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The construction sector is at the center of economic, societal, and environmental challenges. With BIM, the sector has entered its “digital revolution” and has launched a new strategic stage in its development.
How can we measure the progression of the adoption rate of BIM in construction and renovation projects today?
Large-scale official statistics do not currently exist. We must therefore consider this question from another angle.
Since the mid-2010s, it has been interesting to analyze the decisions of public authorities regarding the promotion of BIM.
In some countries, the authorities have not hesitated to make BIM mandatory in public projects. In other countries or regions, the public sector invests significantly in actions to promote and recommend BIM tools.
Across Europe, since 2017, the European Union has recognized the strategic importance of BIM for the construction industry.
BIM is on the move and the public sector, both as an originator and as a prescriber, is an important player in promoting the use of BIM.
In Great Britain, from the start of the 2010s, the government of the day promoted BIM in the construction public procurement sector. The aim is to reduce the cost of large infrastructure and construction projects by 20%. Since 2016, BIM Level 2 has even become mandatory for all public buildings.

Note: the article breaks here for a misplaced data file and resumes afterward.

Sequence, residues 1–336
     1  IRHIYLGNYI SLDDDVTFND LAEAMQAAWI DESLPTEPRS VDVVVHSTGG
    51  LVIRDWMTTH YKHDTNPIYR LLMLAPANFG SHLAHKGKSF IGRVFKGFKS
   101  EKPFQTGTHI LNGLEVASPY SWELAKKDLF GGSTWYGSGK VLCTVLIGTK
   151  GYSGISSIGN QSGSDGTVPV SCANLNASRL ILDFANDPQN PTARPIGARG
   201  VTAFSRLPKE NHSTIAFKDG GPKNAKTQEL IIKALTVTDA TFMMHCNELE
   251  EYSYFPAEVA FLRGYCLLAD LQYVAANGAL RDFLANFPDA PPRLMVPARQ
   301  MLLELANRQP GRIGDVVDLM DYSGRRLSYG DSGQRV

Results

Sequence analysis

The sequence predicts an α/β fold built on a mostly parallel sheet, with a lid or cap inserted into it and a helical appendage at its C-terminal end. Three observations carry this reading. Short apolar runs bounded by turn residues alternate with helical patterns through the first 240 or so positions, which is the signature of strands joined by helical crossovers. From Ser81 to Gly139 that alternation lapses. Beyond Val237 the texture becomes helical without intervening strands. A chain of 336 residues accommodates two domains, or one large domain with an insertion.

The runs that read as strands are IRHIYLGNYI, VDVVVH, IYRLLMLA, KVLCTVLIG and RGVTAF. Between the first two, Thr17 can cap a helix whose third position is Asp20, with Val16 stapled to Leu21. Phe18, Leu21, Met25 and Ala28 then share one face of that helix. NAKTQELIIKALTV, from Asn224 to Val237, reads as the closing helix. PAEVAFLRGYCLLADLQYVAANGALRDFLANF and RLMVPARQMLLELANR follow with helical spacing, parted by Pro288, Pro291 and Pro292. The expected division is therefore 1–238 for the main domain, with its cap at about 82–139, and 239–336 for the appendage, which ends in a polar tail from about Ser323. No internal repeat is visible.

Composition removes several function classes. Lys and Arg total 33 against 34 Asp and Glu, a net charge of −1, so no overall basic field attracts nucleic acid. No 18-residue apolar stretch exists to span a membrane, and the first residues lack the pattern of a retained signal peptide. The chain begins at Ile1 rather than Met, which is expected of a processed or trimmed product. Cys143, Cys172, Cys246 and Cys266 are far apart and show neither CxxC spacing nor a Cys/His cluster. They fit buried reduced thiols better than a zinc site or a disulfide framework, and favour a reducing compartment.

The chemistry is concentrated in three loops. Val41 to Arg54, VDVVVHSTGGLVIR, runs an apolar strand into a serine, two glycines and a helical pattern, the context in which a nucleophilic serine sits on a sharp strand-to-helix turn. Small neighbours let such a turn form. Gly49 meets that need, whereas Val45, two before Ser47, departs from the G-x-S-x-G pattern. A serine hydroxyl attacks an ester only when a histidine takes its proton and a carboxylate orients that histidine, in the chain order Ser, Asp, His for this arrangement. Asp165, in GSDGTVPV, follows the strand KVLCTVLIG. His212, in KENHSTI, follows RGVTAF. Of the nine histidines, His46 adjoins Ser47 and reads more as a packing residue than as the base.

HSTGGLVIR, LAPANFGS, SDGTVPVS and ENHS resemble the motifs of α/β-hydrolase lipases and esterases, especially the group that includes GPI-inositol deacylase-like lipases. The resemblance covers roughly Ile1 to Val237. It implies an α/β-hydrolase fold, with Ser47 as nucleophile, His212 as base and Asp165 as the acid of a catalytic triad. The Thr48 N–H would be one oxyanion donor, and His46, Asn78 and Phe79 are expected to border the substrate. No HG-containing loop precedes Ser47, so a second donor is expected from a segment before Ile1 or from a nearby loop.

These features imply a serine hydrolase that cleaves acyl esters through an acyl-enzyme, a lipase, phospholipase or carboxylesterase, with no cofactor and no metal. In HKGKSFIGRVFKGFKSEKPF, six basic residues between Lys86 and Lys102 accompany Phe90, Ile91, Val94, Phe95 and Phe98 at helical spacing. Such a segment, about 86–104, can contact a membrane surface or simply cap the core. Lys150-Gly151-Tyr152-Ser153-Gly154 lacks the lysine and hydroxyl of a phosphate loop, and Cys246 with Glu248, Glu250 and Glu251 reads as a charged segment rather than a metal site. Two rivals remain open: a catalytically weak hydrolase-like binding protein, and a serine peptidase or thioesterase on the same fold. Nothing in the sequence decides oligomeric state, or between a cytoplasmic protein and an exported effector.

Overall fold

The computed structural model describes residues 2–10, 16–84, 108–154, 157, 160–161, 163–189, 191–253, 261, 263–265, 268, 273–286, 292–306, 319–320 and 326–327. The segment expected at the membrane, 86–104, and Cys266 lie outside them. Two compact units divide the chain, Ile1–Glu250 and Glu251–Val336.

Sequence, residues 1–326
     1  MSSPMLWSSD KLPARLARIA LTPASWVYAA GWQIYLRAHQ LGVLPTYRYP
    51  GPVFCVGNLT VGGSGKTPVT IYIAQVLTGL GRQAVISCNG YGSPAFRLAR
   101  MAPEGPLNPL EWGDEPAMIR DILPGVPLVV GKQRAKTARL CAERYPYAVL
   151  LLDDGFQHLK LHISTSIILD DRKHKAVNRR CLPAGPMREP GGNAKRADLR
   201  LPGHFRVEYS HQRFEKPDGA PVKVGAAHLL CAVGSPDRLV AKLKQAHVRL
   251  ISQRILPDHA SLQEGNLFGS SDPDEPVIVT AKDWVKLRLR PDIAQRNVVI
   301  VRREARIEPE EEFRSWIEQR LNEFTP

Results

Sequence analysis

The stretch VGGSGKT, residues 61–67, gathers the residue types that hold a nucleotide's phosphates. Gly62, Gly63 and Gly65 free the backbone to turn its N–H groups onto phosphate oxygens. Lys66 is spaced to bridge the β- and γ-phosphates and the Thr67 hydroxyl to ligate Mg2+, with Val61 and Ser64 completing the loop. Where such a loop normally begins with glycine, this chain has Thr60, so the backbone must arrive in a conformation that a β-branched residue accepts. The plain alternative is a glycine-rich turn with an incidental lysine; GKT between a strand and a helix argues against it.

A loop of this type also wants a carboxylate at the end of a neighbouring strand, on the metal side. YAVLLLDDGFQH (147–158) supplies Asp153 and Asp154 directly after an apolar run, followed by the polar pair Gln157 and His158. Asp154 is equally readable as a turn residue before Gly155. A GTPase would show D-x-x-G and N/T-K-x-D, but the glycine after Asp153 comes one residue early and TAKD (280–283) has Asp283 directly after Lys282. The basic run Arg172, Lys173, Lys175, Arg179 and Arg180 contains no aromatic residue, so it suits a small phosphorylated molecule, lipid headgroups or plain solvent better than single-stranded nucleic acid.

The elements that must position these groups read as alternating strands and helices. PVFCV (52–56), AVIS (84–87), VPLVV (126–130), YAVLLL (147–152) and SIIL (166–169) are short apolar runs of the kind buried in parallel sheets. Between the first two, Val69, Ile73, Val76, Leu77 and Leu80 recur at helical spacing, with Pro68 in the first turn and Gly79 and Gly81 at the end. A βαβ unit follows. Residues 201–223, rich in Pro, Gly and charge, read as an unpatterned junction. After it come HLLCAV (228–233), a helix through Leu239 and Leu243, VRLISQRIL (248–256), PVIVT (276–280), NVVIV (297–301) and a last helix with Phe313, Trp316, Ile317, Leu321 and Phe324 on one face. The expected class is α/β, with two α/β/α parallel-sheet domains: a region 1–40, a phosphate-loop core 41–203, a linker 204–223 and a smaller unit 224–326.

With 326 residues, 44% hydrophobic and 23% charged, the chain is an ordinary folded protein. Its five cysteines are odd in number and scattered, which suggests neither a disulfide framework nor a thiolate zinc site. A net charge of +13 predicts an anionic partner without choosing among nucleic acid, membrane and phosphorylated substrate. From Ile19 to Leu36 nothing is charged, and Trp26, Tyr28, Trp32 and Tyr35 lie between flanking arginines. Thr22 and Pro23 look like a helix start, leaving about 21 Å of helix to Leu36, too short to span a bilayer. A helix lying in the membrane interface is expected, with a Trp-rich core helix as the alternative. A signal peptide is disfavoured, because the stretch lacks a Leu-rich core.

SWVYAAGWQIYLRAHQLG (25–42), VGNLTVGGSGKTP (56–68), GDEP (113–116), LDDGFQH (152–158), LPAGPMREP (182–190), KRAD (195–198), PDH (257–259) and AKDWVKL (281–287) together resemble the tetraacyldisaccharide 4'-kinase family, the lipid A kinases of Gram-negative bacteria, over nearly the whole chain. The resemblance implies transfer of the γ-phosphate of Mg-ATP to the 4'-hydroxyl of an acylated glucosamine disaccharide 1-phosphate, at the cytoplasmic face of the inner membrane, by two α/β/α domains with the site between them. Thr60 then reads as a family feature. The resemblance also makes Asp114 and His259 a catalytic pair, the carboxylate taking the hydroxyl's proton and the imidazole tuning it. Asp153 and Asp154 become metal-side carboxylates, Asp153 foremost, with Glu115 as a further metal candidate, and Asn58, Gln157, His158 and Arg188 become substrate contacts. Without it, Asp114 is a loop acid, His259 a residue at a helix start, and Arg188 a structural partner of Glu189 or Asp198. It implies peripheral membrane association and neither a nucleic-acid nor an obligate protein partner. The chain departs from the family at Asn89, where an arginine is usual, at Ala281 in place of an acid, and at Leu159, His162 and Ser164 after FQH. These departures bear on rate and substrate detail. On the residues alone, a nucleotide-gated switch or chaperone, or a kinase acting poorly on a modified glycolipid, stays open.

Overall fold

Since 2012, the Netherlands has made BIM mandatory for all large public projects, for the design, construction, and management & maintenance phases of constructed buildings.
Scandinavian countries are also pioneers in the adoption of BIM. These include Norway, Finland, and Denmark where 3D BIM models are mandatory in public projects for the entire lifecycle of buildings. The private sector is following suit and has also been integrating BIM since 2010.
Singapore is known to be a forerunner in digital, and in particular e-government. BIM is also used for planning permit applications and 3D models are submitted in digital permit applications. The government has imposed BIM, which enables significant productivity gains of around 25%.
All European countries have an ongoing BIM program and most have made BIM mandatory for large construction projects.
Construction represents 9% of the Gross Domestic Product of European Union countries and the sector employs 18 million people.
The construction sector is considered to be an important player in the management of challenges such as climate change, the efficient use of resources, urbanization and the fight against aging infrastructure.
For the European Union, BIM is a source of significant productivity gains. It is a strategic tool for reducing costs, improving efficiency, productivity, and operations. BIM increases the quality of infrastructure and is also a way to improve environmental performance.
As early as 2017, European Commissioner Bienkowska in charge of the internal market, industry, entrepreneurship, and SMEs wanted public contracts in all the countries of the Union to be able to require the use of BIM for projects. construction, renovation, and infrastructure. According to the Commissioner.